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Women Tie Tufts Twice

Tourney Co-Champions

By Stephen A. Herzenberg

The Tufts women's soccer tournament began on a sour note Saturday as the Tufts men's varsity coach, in an unquestionable violation of Title 9, ordered the nets to be taken from one of the two fields to be used that day. The day ended, however, on a higher pitch as Tufts and Harvard--two teams which had tied one another, 1-1, in a 50-minute contest earlier in the afternoon--played an enthralling scoreless 30 minute playoff, emerging at the end as co-champions of the four-team round robin event.

Had it been watched by 50,000 fans, the playoff would have produced at least a dozen announcements from the public address announcer asking "Is there a doctor in the crowd?", for there would have been at least that many heart attacks.

However, since only about twenty hardy souls watched the playoff as the evening drew to a cold, dark close, several cases of over-bitten nails emerged as the most serious medical emergencies.

Despite being handicapped by injuries incurred earlier in the day, which sidelined center fullback Sarah Fischer and right wing Julie Brynteson, the Crimson managed to dominate most of the first half of the crucial playoff as seemingly tireless striker Ellen Hart and Brynteson's replacement, Marsha Hamelin, spearheaded repeated thrusts into the Tufts penalty area.

Hamelin almost tallied six minutes into the game. A scramble in front of the net left her with the ball two yards from the goalline. Unfortunately for the Crimson, Tufts 5'11" goalie Ann Forbes foiled Hamelin, showing superb reflexes as she flicked the right wing's shot wide.

In the opening minutes of the final, suspenseful, quarter-hour period Tufts took control, sending a cross rolling tantalizingly across the front of the Crimson goalmouth and then booming a shot that deflected into the right upright.

As this pressure continued disaster almost struck Harvard. A handball gave Tufts a free kick outside the penalty area with only six minutes left. Seconds after the kick, a Tufts shot deflected past Radcliffe goalie Irene Kacandes and headed for the back of the net. It did not reach the nylon, however, as Crimson fullback Paula Levihn stepped in out of nowhere to stop the ball on the goalline and to restart Harvard hearts by clearing the ball to the side of the field.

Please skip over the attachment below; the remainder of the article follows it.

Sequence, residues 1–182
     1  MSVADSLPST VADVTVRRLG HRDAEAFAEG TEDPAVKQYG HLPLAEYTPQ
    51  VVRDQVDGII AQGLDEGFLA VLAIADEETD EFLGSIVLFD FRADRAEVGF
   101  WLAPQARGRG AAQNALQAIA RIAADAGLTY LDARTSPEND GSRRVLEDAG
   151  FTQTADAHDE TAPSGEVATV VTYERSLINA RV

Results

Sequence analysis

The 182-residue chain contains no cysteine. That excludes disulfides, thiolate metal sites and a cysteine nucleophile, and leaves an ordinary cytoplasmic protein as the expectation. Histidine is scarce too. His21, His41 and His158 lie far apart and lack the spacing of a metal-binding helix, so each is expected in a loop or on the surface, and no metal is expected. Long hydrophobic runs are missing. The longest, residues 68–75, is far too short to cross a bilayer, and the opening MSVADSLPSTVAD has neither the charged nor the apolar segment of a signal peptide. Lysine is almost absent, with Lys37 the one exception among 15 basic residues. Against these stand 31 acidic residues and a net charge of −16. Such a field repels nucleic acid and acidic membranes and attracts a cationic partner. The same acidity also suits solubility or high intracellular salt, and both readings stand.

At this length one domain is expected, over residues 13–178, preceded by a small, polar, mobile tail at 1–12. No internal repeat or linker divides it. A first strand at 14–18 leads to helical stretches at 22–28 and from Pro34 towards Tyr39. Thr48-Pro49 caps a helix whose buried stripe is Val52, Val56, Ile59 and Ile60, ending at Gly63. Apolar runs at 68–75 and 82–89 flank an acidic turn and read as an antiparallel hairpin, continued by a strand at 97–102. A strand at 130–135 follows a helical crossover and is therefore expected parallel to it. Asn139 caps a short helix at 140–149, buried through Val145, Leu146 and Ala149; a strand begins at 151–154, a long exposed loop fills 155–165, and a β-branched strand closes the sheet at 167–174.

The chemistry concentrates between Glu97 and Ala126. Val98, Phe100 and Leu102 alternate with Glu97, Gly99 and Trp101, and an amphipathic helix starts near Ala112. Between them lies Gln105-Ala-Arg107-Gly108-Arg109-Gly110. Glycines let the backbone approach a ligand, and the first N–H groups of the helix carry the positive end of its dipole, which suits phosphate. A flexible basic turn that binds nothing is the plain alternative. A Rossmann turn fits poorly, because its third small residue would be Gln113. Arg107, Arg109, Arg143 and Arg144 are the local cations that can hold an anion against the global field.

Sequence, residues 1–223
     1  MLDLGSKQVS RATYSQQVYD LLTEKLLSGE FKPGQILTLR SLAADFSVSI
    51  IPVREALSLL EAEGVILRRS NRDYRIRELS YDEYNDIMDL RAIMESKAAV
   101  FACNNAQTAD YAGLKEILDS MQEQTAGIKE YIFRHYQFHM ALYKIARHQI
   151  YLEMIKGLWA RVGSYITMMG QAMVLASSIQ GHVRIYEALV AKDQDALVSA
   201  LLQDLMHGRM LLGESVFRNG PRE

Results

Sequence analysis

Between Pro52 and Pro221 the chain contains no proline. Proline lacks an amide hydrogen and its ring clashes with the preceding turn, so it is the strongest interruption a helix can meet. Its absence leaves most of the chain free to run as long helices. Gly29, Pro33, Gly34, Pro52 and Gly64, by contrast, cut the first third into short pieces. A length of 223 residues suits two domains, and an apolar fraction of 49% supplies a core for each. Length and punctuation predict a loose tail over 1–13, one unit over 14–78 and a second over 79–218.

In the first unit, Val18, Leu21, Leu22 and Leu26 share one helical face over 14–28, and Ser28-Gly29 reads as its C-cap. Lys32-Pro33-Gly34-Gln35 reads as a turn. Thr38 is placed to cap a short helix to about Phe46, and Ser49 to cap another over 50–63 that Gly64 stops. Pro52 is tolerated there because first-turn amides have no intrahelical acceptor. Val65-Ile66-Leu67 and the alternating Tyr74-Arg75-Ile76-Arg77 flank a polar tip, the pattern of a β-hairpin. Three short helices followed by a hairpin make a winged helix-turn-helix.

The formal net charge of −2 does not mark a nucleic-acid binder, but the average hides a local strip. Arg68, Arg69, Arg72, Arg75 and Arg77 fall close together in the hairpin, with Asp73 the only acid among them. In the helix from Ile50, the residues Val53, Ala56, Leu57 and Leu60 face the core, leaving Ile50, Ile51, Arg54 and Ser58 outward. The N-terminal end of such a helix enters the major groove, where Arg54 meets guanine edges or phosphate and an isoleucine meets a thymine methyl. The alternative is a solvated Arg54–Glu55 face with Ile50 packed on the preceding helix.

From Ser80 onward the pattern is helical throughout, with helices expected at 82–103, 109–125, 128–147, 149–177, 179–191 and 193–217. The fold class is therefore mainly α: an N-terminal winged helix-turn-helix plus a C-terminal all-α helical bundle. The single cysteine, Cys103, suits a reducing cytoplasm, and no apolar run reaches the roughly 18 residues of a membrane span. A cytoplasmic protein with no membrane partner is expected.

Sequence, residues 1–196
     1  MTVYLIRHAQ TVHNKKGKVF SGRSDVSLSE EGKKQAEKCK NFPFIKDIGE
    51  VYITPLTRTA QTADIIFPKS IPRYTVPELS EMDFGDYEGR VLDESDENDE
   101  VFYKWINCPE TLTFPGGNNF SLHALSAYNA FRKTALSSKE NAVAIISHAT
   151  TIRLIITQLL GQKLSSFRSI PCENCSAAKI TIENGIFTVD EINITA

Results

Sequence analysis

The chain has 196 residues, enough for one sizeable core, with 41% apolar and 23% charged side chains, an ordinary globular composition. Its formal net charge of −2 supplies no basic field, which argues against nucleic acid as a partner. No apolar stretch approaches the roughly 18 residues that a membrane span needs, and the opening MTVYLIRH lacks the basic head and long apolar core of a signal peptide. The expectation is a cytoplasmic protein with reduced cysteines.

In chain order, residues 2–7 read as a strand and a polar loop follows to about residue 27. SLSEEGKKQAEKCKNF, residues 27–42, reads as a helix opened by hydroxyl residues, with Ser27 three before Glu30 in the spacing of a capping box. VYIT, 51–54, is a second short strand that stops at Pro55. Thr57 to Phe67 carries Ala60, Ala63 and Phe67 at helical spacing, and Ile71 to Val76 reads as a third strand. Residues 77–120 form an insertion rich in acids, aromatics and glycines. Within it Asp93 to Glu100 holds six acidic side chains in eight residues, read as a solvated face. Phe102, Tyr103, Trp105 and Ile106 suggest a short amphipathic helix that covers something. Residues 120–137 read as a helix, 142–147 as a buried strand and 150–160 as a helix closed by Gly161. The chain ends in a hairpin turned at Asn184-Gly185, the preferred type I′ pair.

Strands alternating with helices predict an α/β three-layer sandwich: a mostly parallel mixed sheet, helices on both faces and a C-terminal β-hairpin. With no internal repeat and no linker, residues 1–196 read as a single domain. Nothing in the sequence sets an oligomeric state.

The narrow escape revitalized Harvard and sent them scurrying to the opposite end of the field for a couple of last gasp attempts to score. Ann Forbes halted them again, however, gathering two ground shots into her capable hands.


Forbes can be given much of the credit for gaining Tufts a share of the championship. In both matches against the Crimson she prevented her opposition from dominating for more than a few minutes at a time by consistently punting the ball past midfield after she gathered it into her hands. She also made a memorable diving save of a hard shot from Sue St. Louis with only three minutes left in the first Harvard-Tufts game.

Besides tying Tufts 1-1 the women's soccer team also ruined U-Mass's 6-0 unbeaten slate, beating them 2-1, and thrashed Mt. Holyoke 3-0 in the preliminary games. Right fullback Natalie Roe played exceptionally well in all 150 minutes of those three games, mixing an excellent sense of when to get rid of the ball quickly with the poise to start constructive offensive movements when she had the time.

Coach Bob Scalise seemed pleased with his team's efforts, magnanimously offering them free dinner at McDonald's after the game. To leave the reader with a more balanced impression of the man's generosity it must also be reported that Scalise couched his offer with reminders that his players might benefit from getting back to Dillon quickly and taking a hot shower to relieve their cold, tired bodies.

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